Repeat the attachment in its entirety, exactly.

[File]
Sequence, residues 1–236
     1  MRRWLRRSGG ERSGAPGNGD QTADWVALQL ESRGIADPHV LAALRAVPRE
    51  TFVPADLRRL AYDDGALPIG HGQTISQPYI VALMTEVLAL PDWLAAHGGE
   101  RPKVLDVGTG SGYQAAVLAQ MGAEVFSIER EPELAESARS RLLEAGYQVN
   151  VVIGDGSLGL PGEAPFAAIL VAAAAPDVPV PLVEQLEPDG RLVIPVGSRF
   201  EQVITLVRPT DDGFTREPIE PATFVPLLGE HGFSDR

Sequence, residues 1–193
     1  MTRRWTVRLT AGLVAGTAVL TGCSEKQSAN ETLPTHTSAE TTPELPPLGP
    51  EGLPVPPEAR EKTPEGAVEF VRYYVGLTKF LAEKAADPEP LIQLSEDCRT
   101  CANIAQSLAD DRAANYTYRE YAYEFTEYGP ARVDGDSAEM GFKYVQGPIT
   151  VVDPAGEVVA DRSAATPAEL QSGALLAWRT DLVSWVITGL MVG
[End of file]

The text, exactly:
Sequence, residues 1–236
     1  MRRWLRRSGG ERSGAPGNGD QTADWVALQL ESRGIADPHV LAALRAVPRE
    51  TFVPADLRRL AYDDGALPIG HGQTISQPYI VALMTEVLAL PDWLAAHGGE
   101  RPKVLDVGTG SGYQAAVLAQ MGAEVFSIER EPELAESARS RLLEAGYQVN
   151  VVIGDGSLGL PGEAPFAAIL VAAAAPDVPV PLVEQLEPDG RLVIPVGSRF
   201  EQVITLVRPT DDGFTREPIE PATFVPLLGE HGFSDR

Sequence, residues 1–193
     1  MTRRWTVRLT AGLVAGTAVL TGCSEKQSAN ETLPTHTSAE TTPELPPLGP
    51  EGLPVPPEAR EKTPEGAVEF VRYYVGLTKF LAEKAADPEP LIQLSEDCRT
   101  CANIAQSLAD DRAANYTYRE YAYEFTEYGP ARVDGDSAEM GFKYVQGPIT
   151  VVDPAGEVVA DRSAATPAEL QSGALLAWRT DLVSWVITGL MVG